Based on flash memory, rather than the more expensive computerlike hard drives that have been the centerpiece of all other iPods, the new player is aimed at the low end of the market, relatively untraveled territory for Apple. It comes in two sizes. The $99 version has 512MB of storage and holds about 120 songs, and a $149, 1GB version holds about 240 songs.
Unlike most similar devices, the Shuffle has no display screen to show songs or playlists; it consists only of a slender white rectangle with the trademark iPod navigation wheel on one side. The company is instead highlighting the random-play aspect of the device, although this is a common feature on virtually all MP3 players.
"iPod Shuffle is smaller and lighter than a pack of gum and costs less than $100," Apple CEO Steve Jobs said in a statement. "With most flash-memory music players, users must use tiny displays and complicated controls to find their music. With iPod Shuffle, you just relax and it serves up new combinations of your music every time you listen."
Although, Apple's move into the flash market does mark a departure from the company's previous high-end strategy. Jobs has previously dismissed small-capacity, relatively inexpensive MP3 players as products given as gifts and rarely used.
The flash market overall has been larger in terms of units sold than the hard-drive market, and remains very strong overseas. The largest share of the U.S. retail market over the past year belongs to iRiver, followed by Rio and RCA. Other players include Nike/Phillips, Samsung and Creative Technologies.
Other companies have been making their own new approaches to the low end and middle of the music player market as well. At last week's, Rio introduced a new 2.5-gigabyte player called the ce2100, priced at $199.
The holiday season proved a successful one for some of these Apple rivals.said Tuesday that it had sold more than 2 million MP3 players in the quarter ending December, prompting the company to raise its yearly revenue guidance substantially.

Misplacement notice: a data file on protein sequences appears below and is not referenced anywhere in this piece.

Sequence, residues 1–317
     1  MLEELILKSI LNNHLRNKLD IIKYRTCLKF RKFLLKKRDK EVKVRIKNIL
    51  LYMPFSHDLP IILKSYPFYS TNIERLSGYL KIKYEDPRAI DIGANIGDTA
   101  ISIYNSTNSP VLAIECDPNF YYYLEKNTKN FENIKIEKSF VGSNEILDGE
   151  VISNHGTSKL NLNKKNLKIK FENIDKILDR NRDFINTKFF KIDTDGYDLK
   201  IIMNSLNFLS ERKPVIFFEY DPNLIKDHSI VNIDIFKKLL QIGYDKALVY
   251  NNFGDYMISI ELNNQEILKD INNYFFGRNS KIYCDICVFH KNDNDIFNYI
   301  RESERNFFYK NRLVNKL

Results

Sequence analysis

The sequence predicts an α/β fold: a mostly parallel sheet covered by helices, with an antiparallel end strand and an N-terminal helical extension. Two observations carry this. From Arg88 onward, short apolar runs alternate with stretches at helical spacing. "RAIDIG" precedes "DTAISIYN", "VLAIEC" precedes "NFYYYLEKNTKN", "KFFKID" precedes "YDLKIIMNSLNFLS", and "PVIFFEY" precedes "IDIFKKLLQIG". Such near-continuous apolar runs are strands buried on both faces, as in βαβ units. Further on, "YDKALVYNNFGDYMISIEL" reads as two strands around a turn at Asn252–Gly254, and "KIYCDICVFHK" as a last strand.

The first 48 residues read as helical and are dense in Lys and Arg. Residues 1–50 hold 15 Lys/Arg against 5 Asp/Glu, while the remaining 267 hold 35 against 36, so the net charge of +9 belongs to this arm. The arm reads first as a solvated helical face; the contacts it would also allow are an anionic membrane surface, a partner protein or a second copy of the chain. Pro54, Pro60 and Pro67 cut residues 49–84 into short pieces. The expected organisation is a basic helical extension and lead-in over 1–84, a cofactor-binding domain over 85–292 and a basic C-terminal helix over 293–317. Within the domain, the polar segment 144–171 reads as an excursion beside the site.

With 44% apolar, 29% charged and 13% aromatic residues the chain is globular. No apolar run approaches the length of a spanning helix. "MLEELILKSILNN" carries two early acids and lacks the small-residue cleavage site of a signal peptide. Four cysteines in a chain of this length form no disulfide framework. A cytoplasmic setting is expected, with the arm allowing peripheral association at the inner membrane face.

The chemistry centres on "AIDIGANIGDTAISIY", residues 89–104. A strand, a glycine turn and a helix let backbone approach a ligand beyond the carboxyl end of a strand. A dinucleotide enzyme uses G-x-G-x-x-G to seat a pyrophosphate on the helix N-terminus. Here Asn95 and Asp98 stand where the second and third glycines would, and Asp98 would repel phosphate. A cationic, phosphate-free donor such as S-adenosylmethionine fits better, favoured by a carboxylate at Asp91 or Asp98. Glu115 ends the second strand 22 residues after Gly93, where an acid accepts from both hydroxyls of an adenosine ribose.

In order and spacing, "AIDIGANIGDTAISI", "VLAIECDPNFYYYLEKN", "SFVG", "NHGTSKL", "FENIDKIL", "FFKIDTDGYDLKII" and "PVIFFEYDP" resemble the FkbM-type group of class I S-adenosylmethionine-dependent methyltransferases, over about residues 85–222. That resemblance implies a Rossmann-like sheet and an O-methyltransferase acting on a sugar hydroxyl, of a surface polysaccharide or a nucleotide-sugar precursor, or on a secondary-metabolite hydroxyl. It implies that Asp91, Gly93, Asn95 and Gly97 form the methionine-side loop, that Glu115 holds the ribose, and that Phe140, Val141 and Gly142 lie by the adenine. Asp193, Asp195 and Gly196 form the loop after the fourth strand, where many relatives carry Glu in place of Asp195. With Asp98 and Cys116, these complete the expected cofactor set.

However, Apple remains the dominant player in the hard-drive-based MP3 player market, accounting for more than 80 percent of sales between October 2003 and October 2004, according to the NPD Group. The company said Tuesday that it had sold more than 4.5 million iPods in the fiscal quarter ending Dec. 25.
Analysts said the new device will help Apple capture a new segment of the market without cutting into the older iPod's growth.
"The shuffle is where it needs to be--it is very unlikely to cannibalize the iPod while allowing Apple to be more aggressive with other flash players," said NPD Techworld analyst Steve Baker. "It also allows Apple to tap into overseas markets better where people are more sensitive to price points than here in the U.S."
The company's share prices have soared from $40 to nearly $70 in the last three months, largely on expectations of continued iPod sales growth and associated positive effects on the rest of the company's business. The Prudential Equity Group said Tuesday that it expects Apple to ship 15 million iPod units in fiscal 2005 and 22.5 million units in fiscal 2006.
The decision to eliminate the navigation screen, which will make it more difficult to find a specific song, drew mixed reviews from analysts. The device still retains a skip-and-rewind button to move forward and backward through a playlist, and a switch to toggle between shuffle and in-order play.
"It is likely that they omitted the screen in order to keep (the) retail price down," said IDC analyst Susan Kevorkian. "But looking to next-generation flash players, they're going to need to add the ease of navigation that comes with a display."
Competitors also noted this feature as a competitive advantage for their own products.
"We have seen this in the industry before, where we've gone down the path of blind (user interfaces), and customers don't respond well," said Dan Torres, vice president of product marketing for Rio. "There is that comfort where customers will look at the screen and say, 'What song am I on,' or 'What do I have queued up?' Navigation is important visually as well."
The introduction of the flash iPod may also give Apple's iTunes store a boost. Previously, none of the flash players on the market could directly play songs purchased from Apple's digital music store, although customers could burn the songs to a CD and then re-rip them to MP3 format.
By offering a lower-priced player, iTunes could attract a new segment of the market, one that previously only had access to rival download services such as Napster, Virgin Digital or MSN Music.